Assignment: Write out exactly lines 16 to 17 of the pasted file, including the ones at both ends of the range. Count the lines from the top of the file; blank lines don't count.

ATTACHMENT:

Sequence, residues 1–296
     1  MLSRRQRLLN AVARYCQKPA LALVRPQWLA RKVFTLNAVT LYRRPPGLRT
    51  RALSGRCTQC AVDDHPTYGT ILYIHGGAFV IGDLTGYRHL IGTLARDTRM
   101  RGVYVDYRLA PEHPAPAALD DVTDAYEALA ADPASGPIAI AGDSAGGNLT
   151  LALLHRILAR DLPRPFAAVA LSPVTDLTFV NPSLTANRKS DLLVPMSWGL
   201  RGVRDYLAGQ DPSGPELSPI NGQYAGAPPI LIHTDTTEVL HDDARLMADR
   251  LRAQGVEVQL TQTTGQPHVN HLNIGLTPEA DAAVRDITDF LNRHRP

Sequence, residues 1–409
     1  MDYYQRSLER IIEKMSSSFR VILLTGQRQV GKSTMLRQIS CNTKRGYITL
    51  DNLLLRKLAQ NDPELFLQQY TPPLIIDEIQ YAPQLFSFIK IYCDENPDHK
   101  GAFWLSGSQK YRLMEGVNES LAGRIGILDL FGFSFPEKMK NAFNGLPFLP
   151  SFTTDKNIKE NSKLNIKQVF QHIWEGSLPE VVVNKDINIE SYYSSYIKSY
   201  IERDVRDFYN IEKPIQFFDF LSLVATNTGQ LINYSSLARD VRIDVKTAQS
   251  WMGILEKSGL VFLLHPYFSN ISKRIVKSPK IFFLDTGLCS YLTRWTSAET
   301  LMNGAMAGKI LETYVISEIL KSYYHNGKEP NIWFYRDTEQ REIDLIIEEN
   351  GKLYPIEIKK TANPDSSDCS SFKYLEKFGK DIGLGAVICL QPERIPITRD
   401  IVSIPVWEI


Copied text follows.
   351  GKLYPIEIKK TANPDSSDCS SFKYLEKFGK DIGLGAVICL QPERIPITRD
   401  IVSIPVWEI